Rapid Care? What’s Rapid Care?

April 2019

As much as I don’t like going to the doctor, I knew this was something I needed to address. I already had an appointment with my PCP in June but I certainly didn’t want to wait that long. I had a trip planned to Greece at the end of May so I needed to be healthy for that.

I called my PCP’s office and to no great surprise, there were no openings prior to my already-scheduled appointment in June. Instead, the patient care coordinator offered me an appointment with something called “Rapid Care,” which to me sounded like urgent care but with an appointment. She had an opening the following day.

[Quick sidebar: Urgent care definitely has its place. But because people can’t get appointments with their primary care doctor, people have no choice but to go to urgent care (or the ER) when it’s not always appropriate to do so. My issues with this are a) there’s no continuity of care; it’s express-lane medicine. Sometimes that’s fine; it might hold you over until your PCP appointment 3 months from now. But often they’re only treating your symptoms and not the underlying cause. Hopefully it’s not something serious while you wither and age waiting to see your PCP. Also, b) why should I have to pay more for urgent care when it’s not my fault I can’t get in to see my PCP? Urgent care visits should cost LESS than a PCP visit. They spend far less time with you and provide less care, and they’re often staffed with PAs and NPs, who are less expensive than physicians. Yet my copay is more.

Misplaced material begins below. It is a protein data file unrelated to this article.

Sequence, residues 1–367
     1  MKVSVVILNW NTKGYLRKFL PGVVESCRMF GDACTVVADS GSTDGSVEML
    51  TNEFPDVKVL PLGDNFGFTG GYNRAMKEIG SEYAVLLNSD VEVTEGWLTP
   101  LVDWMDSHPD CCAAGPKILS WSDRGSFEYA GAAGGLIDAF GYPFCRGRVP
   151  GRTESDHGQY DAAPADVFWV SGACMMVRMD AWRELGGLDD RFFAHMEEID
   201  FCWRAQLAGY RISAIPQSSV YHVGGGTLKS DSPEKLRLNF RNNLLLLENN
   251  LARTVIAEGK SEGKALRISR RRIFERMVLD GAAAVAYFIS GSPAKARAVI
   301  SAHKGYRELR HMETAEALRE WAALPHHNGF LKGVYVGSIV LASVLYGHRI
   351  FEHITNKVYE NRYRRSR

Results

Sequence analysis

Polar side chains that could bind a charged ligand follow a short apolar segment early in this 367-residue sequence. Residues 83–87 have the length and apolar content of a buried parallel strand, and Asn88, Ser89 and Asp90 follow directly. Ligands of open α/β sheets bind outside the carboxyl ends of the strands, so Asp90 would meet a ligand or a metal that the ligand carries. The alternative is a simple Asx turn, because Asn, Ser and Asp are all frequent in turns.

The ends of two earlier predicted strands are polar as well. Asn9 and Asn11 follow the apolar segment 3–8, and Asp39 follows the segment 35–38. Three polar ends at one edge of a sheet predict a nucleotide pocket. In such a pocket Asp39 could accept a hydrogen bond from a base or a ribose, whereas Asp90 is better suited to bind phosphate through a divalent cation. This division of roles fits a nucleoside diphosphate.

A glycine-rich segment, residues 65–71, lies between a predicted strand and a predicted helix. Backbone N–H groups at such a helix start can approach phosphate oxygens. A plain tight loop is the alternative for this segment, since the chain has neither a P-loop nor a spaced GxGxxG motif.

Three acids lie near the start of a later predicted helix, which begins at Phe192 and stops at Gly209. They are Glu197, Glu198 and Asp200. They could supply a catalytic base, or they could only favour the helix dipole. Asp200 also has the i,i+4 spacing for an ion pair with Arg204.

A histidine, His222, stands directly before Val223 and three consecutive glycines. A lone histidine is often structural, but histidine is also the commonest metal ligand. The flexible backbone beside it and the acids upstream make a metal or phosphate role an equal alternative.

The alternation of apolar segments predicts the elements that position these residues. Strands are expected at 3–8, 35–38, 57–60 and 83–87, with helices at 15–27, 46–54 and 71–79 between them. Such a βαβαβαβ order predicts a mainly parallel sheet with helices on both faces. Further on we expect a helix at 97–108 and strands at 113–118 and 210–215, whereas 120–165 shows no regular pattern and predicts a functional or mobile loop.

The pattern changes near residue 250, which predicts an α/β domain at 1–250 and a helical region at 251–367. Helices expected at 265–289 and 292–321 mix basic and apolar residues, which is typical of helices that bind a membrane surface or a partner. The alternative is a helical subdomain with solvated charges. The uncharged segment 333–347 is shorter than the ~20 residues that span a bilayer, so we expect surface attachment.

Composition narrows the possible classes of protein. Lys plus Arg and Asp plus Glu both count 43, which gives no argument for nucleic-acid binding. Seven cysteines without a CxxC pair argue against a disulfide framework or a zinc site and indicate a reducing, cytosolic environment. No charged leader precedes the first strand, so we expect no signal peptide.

Okay that wasn’t really a quick sidebar.]

I saw a nurse practitioner (despite what I said above, as a general rule, I love NPs!). She recommended running labs, which I expected, and also told me I was pre-diabetic, and had been since 2015! This was news to me, at least in the clinical sense. I am addicted to sugar, was overweight, and my entire family is diabetic, so it wasn’t THAT big of a surprise, but this was the first time a provider told me this information—and it was 2019, four years after the initial diagnosis, and I was just hearing about it. Granted, I hadn’t really paid attention to test results and such online like I do now (I pretty much obsess over it now), but this is another fallout from the lack of continuity of care. Doctors leave, the new ones don’t follow up with the patients, patients get disgusted with having to see yet another new doctor, so they don’t follow up either. It’s a cycle that benefits no one. It’s true—google it.

The message I got back from the NP wasn’t particularly alarming; I was anemic. My red blood cell count was low as was my iron. My hemoglobin was 9.4; the low normal for women is 12. Again, I wasn’t terribly surprised. I’ve never been much of a meat eater, which is what I thought you needed to eat to get iron in your system. Well, that and spinach; I also don’t eat spinach! But I picked up some iron supplements along with some iron-fortified cereal (I do love cereal!) and started taking those daily. By my calculations, I was now getting about twice the daily amount of iron I needed. Great! No big deal. I’ve headed this off at the pass, right? Oh I wish.

Hemoglobin: 9.4.

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